Tag Archives: Charles Ewing Nourse

On the Plains of Mexico

Charles Nourse's Mexican War letter

Charles Nourse’s Mexican War letter

Like his sister Sally, Charles E. Nourse (1826-1866) of Bardstown, Kentucky was an intelligent observer and capable correspondent.  In service with the 4th Kentucky Infantry during the Mexican War, Charles wrote home to his family of his experiences while on duty.  Three of his letters are now part of the Manuscripts & Folklife Archives collections of WKU’s Department of Library Special Collections.

“I am in the city of Vera Cruz and am very well,” Charles wrote his brother James in November 1847, but his landing at that Mexican port city had not been uneventful.  Asleep during the approach, he was awakened by a thunderstorm that kept his ship, and its seasick crew, tacking offshore for 3 days.  Afterward, he had a chance to explore the city, with its many tradesmen, war-damaged houses, and a few attractive “Senoretas.”  A month later, a long march took him through fascinating territory.  Of Perote Castle, the 16th-century Spanish-built fortress used by the Mexicans as a prison, he wrote that “a few bombs could kill every man in it and it is very unhealthy.”  While in the valley of Perote, Charles and his fellow soldiers heard gunfire in the distance and readied themselves for battle, only to learn that it had been an accidental discharge and that it had killed a young soldier from Louisville.  Finally, standing on a high point overlooking the valley of Mexico, Nourse found a 50-mile view that took in fertile fields, “six or seven cities with glittering spires & domes,” lakes, and snow-capped mountains.

With spring 1848, however, came the “sickly season,” when every day Nourse would hear the “solemn dead march” as its victims were taken to their final resting place.  Nevertheless, he assured his grandmother, he had emerged unscathed.  And besides, he reflected, “All have to die!  if a man be buried on the plains of Mexico without a stone to mark his place of rest or under a marble monument at home what is the difference when he is dead.”

Click here to access a finding aid for Charles Nourse’s letters.   For more collections on the Mexican War and other wars, search TopSCHOLAR and KenCat.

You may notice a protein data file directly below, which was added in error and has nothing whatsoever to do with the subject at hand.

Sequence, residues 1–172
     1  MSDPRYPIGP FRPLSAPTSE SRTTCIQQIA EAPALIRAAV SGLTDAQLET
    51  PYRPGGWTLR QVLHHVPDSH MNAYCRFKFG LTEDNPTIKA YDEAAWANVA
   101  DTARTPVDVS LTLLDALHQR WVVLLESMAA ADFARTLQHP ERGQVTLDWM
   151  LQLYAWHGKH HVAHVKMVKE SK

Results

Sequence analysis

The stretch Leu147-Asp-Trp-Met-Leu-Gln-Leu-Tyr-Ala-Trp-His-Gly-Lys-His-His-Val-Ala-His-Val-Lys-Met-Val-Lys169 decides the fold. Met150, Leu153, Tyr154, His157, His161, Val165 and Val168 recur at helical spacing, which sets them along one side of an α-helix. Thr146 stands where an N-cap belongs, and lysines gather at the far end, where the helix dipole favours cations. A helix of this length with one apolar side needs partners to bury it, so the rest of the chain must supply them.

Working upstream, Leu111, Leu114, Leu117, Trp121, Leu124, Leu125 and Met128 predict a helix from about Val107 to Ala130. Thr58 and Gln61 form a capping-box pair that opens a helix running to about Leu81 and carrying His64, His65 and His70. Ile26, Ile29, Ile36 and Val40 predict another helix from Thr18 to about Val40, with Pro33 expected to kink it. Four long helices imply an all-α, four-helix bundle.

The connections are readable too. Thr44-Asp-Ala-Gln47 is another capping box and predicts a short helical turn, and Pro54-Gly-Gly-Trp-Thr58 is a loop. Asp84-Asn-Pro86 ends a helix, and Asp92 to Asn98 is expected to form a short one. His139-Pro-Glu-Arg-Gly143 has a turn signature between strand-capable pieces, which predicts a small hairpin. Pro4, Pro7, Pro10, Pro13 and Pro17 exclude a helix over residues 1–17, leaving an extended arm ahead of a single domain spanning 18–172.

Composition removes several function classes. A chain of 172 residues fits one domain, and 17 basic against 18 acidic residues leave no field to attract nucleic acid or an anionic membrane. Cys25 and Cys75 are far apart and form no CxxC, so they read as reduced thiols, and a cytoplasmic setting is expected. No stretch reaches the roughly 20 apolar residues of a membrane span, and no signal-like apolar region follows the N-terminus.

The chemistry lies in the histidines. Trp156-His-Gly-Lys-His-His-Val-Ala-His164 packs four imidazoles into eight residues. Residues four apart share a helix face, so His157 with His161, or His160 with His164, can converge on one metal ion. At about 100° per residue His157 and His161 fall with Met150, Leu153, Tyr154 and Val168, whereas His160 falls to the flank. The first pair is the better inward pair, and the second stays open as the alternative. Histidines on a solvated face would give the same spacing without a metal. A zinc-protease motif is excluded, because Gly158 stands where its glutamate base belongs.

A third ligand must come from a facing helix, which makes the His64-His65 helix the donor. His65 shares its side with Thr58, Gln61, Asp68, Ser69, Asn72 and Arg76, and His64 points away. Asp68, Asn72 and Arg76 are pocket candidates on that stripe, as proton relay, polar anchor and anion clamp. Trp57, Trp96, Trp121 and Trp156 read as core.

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A Woman’s View of the Fight

Union and Confederate letterheadsIn Kentucky, the imminent breakup of the Union in 1861 and the approach of civil war sparked lively intra-family debates.  In the Brown Family Collection, part of the Manuscripts & Folklife Archives holdings of WKU’s Department of Library Special Collections, a transcribed letter to Charles Ewing Nourse (the Browns were his in-laws) from his older sister Sarah (“Sally”) Doom, the wife of a Nelson County tanner, eloquently shows her struggle to make sense of the war.

Was it a purely political question of states’ rights, Sally wondered, versus an intrusive federal authority?  “I cannot,” she wrote, “look upon the disruption of the most glorious Government that man ever saw, with any sympathy or pleasure.”  The whole, she believed, was greater than the sum of its parts, and the initial secession of South Carolina would lead to “the privilege of all to secede into innumerable petty states which can and will be overthrown and enslaved by any Foreign power that may desire it.”  Insisting that she was “very green to try to talk politics,” Sally nevertheless declared that “if I were a man I would devote myself to my country (if I had the sense).”

But she wanted to dig deeper into the matter.  “We ought to weigh the thing better than we have,” she continued.  To those claiming that secession would remedy the current crisis, and that it was worthwhile to “throw away” the benefits of a federal government, she cut to the chase:

Could I believe the South were actuated by noble feelings, I could sympathize with them.  But the grand moving object of ‘our noble progenitors’ is the survival of the African slave trade . . . in my opinion the most degrading, despicable occupation a people could engage in.

Click here to access a finding aid for Sally’s letter.  For more collections on the Civil War and slavery, search TopSCHOLAR and KenCat.  Click here to browse a list of our Civil War collections.

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